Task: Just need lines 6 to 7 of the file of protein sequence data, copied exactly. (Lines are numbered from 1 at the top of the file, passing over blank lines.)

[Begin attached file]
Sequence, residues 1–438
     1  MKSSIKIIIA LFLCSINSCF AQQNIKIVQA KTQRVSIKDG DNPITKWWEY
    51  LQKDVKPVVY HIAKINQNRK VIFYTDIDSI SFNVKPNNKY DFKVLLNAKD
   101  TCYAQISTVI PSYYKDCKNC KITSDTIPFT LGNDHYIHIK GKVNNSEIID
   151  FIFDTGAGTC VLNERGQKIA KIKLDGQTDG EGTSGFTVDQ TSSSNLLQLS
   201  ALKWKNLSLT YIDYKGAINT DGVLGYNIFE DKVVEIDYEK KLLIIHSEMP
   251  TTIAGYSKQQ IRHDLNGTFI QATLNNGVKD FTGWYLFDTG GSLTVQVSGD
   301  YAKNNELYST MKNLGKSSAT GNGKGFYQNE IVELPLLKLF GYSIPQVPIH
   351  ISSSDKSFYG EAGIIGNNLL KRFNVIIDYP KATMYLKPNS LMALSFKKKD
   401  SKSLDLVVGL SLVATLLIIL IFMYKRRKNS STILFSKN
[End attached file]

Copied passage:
   201  ALKWKNLSLT YIDYKGAINT DGVLGYNIFE DKVVEIDYEK KLLIIHSEMP
   251  TTIAGYSKQQ IRHDLNGTFI QATLNNGVKD FTGWYLFDTG GSLTVQVSGD